The Tivoli Coffee Tavern was provided to cater for “the greater number of artisan and working class people who have recently taken up residence in the extensive block between Hatherley Place (St Stephen’s Road) and Tivoli Villas (Tivoli Road), it being almost entirely occupied by them”. (39) The Tavern was, “fitted up in an attractive and artistic style,” with drink and food provided at “the usual moderate tariff”. As well as providing food from 5am to 10-30pm – rice pudding and cakes, chops and steak with afternoon tea at 3d per head – the Tavern also served as a depot for the Provident Coal and Clothing Company, an early credit company. It would appear that Tivoli’s first Social Centre had truly arrived. The aim of such institutions was to “halt the progress of intemperance by inducing breadwinners of the neighbourhood to prefer it to the Public House”. (40) The first floor of the Tavern was soon to be occupied by the Tivoli Reading Room then being run at number 10, Tivoli Place.What the local pub landlords thought about this innovation, one can easily imagine, there being within a few yards of the Coffee Tavern, the Tivoli Ale and Porter Stores (The Tivoli in 2005), The Butcher’s Arms (near the corner of Tivoli Street, approximately where the hairdresser is) The Tivoli Inn (near Tivoli Trading), and The Royal Union, minus the skittle alley! (41) The Lansdown and Tivoli Coffee Tavern, to give it its full title, celebrated its tenth anniversary in 1888 still maintaining its original aim of “providing refreshment and recreation among the working classes to encourage temperance”. (42) On this occasion it took great pride in advertising “breakfasts and coffee are available daily for policemen and working men”. At this period, the Police HQ was at Westbury, on the Lansdown Road, easy access to the Tavern being by means of the alley-way opposite today’s Tivoli Stores.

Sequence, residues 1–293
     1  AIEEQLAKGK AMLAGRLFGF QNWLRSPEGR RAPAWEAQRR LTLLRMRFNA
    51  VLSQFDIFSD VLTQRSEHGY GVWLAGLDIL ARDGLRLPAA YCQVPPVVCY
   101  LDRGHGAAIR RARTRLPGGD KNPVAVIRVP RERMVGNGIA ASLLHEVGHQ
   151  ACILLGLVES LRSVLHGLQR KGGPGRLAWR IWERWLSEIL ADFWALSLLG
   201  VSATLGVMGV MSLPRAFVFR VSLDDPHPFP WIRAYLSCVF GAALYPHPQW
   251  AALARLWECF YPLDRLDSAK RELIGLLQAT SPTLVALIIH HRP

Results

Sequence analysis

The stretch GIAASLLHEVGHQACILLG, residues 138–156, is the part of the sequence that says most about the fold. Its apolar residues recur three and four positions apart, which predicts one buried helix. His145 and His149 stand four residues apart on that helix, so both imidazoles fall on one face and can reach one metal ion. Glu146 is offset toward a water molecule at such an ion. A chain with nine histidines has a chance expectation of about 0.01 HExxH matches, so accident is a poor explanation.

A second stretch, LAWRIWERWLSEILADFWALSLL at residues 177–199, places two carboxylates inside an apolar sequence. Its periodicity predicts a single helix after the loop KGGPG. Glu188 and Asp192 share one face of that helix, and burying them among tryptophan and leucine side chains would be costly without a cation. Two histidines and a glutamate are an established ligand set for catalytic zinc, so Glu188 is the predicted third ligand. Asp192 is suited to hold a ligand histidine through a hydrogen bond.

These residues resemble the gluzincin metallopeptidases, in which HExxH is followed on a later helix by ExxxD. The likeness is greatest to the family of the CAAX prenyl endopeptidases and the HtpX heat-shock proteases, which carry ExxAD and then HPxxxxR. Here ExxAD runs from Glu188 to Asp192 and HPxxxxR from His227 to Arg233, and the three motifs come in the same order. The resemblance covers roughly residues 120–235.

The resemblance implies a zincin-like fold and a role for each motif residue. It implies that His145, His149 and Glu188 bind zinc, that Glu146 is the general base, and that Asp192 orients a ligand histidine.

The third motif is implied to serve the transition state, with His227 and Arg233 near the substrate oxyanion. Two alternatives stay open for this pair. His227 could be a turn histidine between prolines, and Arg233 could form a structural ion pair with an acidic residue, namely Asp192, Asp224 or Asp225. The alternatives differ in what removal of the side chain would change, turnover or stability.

Although not directly relevant to our story, a report in the Cheltenham Examiner, 30th November 1853, makes amusing reading: On Monday last, a couple of ‘guardians of the night’ were brought up before the magistrates on a charge of neglect of duty. It appears that the active Police Sergeant Jeffs in doing his nightly rounds discovered that the policemen appointed to patrol the Tivoli and Park districts were ‘non est inventus’ (had absconded) and after a patient and diligent search, he discovered the two truant Bobbies comfortably snoozing in a fly at the back of Lansdown Crescent, a fly of course being a small horse drawn carriage. Their excuse was that thinking the fly to have been abandoned, they decided to ‘occupy’ it to prevent it being stolen.
The Reading Room above the Tavern had been set up by the Church of England Temperance Society and provided books, newspapers, bagatelle, and draughts, but the rooms was very small. In 1890 the Tavern moved to new premises in the former Barnaby Bendall’s Furniture Repository in Tivoli Street, the home of today’s Tivoli Institute/St Stephen’s Club.